Spain…Once Again

Historic Festival in Prado del Rey–Part I


prado del rey

My daughter and her flamenco teacher performed at Prado del Rey’s 250th year celebration.  Prado del Rey is one of the pueblos blancos (white towns) in Andalusia.

Prado street 2      Prado street

These towns are incredibly charming.  The whole populace of Prado del Rey turned out to commemorate its early days by dressing up in period costume.  Around the plaza they erected little booths or casetas where they cooked on campfires.

caseta 1caseta 2


Soon after we arrived, a large group of locals performed a play.  As best I could tell it involved a problem about a young man and woman who wanted to marry.  There were two priests and some gentlemen dressed in possibly 18th century clothing, as well as lots of peasants on the stage.

play 1

view from Prado

The weather was sunny, but chilly, with drifting clouds casting colder shadows.  Luckily I’d brought my hoodie, so I stayed fairly warm.  The flamenco performance was scheduled to start at 7 pm, and, to our surprise, it was almost on time.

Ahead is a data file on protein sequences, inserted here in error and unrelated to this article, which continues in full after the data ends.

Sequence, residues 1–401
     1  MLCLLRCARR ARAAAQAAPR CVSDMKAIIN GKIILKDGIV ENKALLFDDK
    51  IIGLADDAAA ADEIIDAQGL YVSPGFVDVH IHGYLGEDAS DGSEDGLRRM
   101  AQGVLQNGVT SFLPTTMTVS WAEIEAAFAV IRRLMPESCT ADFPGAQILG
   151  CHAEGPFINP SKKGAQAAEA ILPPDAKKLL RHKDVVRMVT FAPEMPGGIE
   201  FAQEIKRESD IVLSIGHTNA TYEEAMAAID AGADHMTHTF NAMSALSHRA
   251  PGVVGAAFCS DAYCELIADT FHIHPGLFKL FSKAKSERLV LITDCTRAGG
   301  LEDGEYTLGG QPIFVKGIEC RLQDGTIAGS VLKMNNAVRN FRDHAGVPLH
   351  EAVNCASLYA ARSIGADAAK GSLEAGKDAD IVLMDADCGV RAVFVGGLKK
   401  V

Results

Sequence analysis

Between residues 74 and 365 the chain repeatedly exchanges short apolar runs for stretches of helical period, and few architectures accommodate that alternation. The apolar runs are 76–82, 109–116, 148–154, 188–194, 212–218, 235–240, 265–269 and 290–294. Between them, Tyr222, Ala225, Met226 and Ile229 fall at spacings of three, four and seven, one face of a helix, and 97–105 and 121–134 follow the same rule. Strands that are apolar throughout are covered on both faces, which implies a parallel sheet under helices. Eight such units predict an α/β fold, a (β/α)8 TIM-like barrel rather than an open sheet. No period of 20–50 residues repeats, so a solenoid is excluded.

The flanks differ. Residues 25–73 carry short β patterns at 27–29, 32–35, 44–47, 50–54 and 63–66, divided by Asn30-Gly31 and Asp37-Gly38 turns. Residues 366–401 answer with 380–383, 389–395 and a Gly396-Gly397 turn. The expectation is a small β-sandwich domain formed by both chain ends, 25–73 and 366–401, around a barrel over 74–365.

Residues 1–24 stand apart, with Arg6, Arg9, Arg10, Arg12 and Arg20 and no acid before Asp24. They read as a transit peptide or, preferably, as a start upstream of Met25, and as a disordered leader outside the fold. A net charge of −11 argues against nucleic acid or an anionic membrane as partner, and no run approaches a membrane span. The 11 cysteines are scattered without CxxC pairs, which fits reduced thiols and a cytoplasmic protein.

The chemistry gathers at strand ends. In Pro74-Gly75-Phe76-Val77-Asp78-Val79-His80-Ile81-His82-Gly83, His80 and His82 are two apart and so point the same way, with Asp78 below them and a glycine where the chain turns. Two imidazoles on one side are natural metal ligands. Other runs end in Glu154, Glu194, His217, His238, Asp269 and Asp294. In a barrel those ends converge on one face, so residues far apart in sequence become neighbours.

More about Prado del Rey:

The roots of Prado del Rey can be traced to the Roman city of Iptuci, now a fascinating archaeological site, declared a Site of Cultural Interest. It confirms the presence of human settlements in this area from Neolithic times until the 15th
Century. It enjoyed its period of greatest splendour during Roman times, especially during the 1st and 2nd centuries A.D., although the Phoenicians had already exploited the salt flats in the surrounding area, near Cabeza de Hortales. Its most noteworthy monuments are the Nuestra Señora del Carmen Parish Church and the old Farm Cooperative building, whose structure is still intact. Traditional local dishes include chickpea and pepper ratatouille and delicious French toast with honey, not forgetting, of course, the famous “Mosto de Pajarete” white wine.

Faerie Lore

The Origins of Faeries


Where did faeries come from? One theory suggests that they were the Tribes of the Goddess Danu, or Tuatha de Danaan, a seafaring people who lived near the Aegean Sea. The Danaans were a magical race, and adept at blacksmithing. Invaders drove them northward, out of Greece, and eventually they arrived in Ireland.

The legend says that the Danaans came to Ireland on a ship of dark clouds. They brought with them three treasures: the stone of destiny, the spear of Lugh, and the sword of Nuada (Light).

More than two centuries later, when the Milesians invaded, the Danaans retreated into the hills and mounds (sidhe). They made their homes in raths (circular enclosures surrounded by an earthen wall), invisible to human eyes.

Thus, the Danaans became the faery folk of Ireland, also called “aes sidhe” the people of the mounds, or the “grey ones.”